Performed by Tinashe Mangwana, Jarryd Dobson and Andrew Lewis
20 August – 3 September, 2001
Andrew Lewis and Tinashe Mangwana (pic: Stewart Thorpe)
What dates a play?
Not for the first time, I wonder whether the cataclysm of 2001 and the two decades since that are, undoubtedly, its direct aftermath, have become a prism through which we look at many things, including the theatre.
Blue/Orange, Joe Penhall’s Olivier Award-winning drama about systemic racism, mental illness, the individuals who treat it and the economy in which they operate is a case in point.
First staged in April 2000, it has many of the hallmarks of the topical, realist, character-driven theatre of that time. It’s loquacious, tendentious and combative. It’s three characters: the ambitious, passionate young registrar Bruce (Jarryd Dobson) and the vain, strategic specialist Robert (Andrew Lewis) parry and thrust while their patient, Christopher (Tinashe Mangwana) bounces around the walls of their dialectic.
Blue/Orange works around valid questions about unconscious cultural and racial bias, the logistical challenges facing health services like Britain’s NHS (the play is set in it’s mental health system), hierarchical structures and the personal responsibility of specialists dealing with the vulnerable and damaged, the minority person and the unentitled.
No-one can doubt the currency of these questions – a quick scan of the WA Coroner’s Court list this week provides a particularly tragic example of them.
But, for all that, is Blood/Orange dated? Are we too skittish now, do we take too much in with us to our seats, does our own uncertainty and anger override the uncertainty and anger of a play and its characters? Do we want to participate in a conversation any more, or do we just want our opinions reflected in what we see and hear.
Or are we so careful in our own thoughts and expressions to honestly examine to the things we have become careful about?
Two words (according to the Urban Dictionary, words used by racist old white Southerners to refer to any black person who looks them in the eye) that encapsulate the thesis of Blue/Orange, and its problem.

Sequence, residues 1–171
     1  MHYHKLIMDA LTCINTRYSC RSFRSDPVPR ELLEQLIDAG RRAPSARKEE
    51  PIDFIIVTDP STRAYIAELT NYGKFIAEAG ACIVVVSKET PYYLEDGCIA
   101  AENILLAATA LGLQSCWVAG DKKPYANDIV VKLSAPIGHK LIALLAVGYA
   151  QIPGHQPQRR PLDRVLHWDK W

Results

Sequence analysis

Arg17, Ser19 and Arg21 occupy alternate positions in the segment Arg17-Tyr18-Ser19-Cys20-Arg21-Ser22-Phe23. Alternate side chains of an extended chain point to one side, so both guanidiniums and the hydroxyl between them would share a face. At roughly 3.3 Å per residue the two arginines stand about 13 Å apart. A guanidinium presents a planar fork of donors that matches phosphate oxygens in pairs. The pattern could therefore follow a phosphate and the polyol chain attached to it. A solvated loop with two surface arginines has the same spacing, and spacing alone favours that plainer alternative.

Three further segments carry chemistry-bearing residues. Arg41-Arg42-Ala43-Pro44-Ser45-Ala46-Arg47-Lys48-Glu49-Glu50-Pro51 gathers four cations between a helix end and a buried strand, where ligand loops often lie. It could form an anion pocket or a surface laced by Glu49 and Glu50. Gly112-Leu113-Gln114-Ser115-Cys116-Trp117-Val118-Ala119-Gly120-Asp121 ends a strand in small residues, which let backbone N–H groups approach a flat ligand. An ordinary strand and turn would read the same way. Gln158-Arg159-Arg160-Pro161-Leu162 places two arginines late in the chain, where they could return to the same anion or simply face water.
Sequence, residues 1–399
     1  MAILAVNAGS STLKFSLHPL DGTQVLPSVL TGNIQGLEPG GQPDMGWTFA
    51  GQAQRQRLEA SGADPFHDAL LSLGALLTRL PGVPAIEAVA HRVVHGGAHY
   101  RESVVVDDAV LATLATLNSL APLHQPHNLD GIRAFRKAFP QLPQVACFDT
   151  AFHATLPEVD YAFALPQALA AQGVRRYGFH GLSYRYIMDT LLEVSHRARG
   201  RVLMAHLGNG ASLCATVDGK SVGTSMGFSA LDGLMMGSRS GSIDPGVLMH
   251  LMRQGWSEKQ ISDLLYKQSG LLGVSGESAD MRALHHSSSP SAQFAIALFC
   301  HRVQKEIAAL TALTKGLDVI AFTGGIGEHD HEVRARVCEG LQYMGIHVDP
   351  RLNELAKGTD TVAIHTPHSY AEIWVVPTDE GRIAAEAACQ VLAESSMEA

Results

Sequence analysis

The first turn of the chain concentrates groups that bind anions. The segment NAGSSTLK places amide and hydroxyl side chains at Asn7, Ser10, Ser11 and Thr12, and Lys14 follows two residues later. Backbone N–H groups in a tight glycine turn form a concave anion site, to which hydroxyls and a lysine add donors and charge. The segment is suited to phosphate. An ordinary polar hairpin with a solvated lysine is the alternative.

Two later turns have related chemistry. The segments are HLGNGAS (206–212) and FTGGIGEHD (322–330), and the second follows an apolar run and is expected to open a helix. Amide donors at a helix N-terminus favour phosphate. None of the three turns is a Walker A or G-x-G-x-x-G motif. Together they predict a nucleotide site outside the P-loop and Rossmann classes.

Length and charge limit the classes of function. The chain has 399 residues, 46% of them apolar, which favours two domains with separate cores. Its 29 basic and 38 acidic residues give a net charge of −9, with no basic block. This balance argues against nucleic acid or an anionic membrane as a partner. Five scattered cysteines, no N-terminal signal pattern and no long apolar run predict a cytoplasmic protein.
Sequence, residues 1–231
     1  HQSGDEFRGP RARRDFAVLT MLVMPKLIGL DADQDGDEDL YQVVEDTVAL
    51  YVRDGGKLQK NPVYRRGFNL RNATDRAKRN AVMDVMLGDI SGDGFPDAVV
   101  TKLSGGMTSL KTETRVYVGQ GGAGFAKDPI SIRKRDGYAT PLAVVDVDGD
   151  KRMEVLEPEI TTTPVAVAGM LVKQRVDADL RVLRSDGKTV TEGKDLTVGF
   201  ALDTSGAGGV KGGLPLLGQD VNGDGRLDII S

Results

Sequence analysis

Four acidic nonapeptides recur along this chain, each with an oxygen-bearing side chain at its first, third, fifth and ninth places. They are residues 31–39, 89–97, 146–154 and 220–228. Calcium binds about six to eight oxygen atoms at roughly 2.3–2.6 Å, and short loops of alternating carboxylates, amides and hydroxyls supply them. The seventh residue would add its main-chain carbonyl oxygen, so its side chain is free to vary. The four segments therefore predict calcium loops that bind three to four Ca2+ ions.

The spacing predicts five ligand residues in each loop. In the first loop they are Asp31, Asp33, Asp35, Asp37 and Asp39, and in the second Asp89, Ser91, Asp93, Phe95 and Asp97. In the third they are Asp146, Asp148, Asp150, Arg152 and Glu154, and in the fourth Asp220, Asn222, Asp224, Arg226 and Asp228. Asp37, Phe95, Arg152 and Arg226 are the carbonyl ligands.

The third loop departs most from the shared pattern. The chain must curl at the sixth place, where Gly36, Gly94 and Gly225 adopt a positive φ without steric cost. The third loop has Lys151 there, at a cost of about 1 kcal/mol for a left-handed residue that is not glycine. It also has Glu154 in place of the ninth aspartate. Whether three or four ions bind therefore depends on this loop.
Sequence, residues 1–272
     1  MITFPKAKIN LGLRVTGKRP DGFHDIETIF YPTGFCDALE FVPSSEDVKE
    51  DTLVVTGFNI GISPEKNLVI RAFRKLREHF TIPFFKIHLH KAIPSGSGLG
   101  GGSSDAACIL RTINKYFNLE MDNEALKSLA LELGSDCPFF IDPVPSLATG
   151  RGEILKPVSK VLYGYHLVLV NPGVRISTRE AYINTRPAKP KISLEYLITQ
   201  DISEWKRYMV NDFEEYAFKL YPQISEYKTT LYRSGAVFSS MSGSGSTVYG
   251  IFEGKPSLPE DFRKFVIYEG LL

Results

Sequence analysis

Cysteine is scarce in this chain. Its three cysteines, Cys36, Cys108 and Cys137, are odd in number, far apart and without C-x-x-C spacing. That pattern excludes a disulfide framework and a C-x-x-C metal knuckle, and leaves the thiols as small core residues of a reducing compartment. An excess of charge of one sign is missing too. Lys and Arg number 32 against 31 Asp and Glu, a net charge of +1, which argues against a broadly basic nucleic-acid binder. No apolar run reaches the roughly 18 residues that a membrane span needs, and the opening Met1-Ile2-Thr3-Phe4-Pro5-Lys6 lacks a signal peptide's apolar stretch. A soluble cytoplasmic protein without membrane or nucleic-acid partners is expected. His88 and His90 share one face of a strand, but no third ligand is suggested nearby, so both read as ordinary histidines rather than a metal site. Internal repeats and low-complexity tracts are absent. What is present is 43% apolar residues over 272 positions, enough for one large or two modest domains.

First used, cunningly, by Christopher to describe how the world, and the two doctors, view him, then weaponised by both Bruce and Robert, they are a fulcrum on which the power struggles of the play are balanced.
Each of the doctors is convinced in their worldview, each hitches their personal ambitions to it. But perhaps it’s only Christopher who sees his world as it is, and who clearly knows what is wrong with it, and him.
Christopher is the play’s hero, and it’s victim
Even when the play feels out of its time, there’s no doubting the quality of the production. Stuart Halusz manages the action on a claustrophobic stage in the round, defined as much by Noah Ivulich tense, often subliminal compositions and Garry Ferguson’s interrogatory lighting as the space itself.
Dobson and Lewis are excellently cast, unmasking the self-interest behind the younger man’s idealism and his senior’s pragmatism.
But it’s all about Mangwana’s Christopher. He’s a great ball of fire, torching the stage with physical and expressive humour, yet capable of great subtlety of mein and inflection.
As he showed in his fetching, idiosyncratic Valere in WAAPA’s Tartuffe earlier this year (Mangwana was released from his studies there for his role in Blue/Orange) he’s a compelling, singular performer who will be worth keeping a close eye on in future.
His performance is a highlight of a quality production of a play with plenty to say, even if the way we expect things to be said may have changed.
* I’m reminded that my daughter was castigated by her professor at the liberal arts college she attended in the US for quoting the word verbatim from Randy Newman’s Rednecks – a brilliant, excoriating attack on racism and racists from the 1970s – in her presentation. Perhaps she, and this production, needed to be more “careful”.